Raleigh, N.C. — A proposal by Gov. Pat McCrory to cap university use of taxpayer dollars for fundraising prompted a lot of questions from lawmakers Tuesday morning.
McCrory's budget chief Lee Roberts met with the joint House and Senate Appropriations committees to go through the governor's proposal, released last week.
One proposal would put a $1 million cap on the amount of state funding each of the 16 University of North Carolina schools can use to raise private money. Schools would have to use private contributions or other sources to cover the rest of their development expenses.
In 2012-13, Roberts said, $32.6 million was budgeted for fundraising for UNC system schools.
The school that would be most affected, he said, would be North Carolina State University, which would lose about $5.8 million in state fundraising money. East Carolina University and UNC-Greensboro would take a hit of about $3 million each.
Overall, the cap would save the state about $18 million, Roberts said. But several lawmakers expressed concerns about the proposal's potential effect on universities' bottom lines.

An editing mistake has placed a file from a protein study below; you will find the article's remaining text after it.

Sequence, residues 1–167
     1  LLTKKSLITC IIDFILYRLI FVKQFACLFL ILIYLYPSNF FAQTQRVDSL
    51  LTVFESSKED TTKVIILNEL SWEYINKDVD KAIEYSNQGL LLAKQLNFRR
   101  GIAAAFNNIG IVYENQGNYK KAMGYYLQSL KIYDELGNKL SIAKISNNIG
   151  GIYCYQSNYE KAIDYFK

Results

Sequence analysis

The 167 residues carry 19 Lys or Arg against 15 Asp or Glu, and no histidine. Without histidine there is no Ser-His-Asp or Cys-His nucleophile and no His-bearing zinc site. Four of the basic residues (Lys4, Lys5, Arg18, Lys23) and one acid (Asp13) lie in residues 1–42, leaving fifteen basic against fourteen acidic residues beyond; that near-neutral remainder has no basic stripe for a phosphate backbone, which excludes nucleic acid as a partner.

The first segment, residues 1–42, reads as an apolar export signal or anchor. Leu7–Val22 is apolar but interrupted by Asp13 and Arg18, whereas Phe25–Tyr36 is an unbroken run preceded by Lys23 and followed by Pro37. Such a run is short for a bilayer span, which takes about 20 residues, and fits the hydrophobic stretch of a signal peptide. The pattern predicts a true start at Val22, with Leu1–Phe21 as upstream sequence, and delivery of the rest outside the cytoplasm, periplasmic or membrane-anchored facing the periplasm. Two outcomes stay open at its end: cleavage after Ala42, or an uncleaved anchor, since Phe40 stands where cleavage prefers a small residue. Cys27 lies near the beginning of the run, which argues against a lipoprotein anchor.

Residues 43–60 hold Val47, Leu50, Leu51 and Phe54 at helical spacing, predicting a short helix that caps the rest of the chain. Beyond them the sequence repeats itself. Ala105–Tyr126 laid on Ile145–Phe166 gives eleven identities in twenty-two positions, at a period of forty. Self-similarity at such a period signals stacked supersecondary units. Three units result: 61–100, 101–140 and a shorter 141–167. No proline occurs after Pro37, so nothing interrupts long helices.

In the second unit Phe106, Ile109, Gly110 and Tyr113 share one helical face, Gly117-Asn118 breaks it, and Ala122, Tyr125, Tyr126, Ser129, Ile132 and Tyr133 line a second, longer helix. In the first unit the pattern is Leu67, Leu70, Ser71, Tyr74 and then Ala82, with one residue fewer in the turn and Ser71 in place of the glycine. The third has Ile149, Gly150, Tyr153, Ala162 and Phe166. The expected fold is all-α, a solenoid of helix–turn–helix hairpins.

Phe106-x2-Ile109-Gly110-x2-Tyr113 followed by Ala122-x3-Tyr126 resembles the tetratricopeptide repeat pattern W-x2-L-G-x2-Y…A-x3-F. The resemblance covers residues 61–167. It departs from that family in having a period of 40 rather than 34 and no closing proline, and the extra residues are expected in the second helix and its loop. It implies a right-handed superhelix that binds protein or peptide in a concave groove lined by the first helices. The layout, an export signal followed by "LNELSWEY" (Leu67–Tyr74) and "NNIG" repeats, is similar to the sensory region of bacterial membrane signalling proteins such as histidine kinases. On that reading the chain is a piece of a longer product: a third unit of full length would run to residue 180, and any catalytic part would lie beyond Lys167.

Rep. Brian Turner, D-Buncombe, formerly a vice chancellor in development at UNC-Asheville, asked why the state would cut support for private fundraising at a time when universities are struggling to raise money to cover years of state funding cuts.
"Was an analysis done to see how this would affect their ability to generate private dollars in support of their missions?" Turner asked.
"The larger the impact on the university, the more money they’re raising," Roberts said, noting that N.C. State spent $7 million last year to raise $130 million.
"They can fund that fundraising effort from the funds that they raise, just like every private-sector organization does,” Roberts said.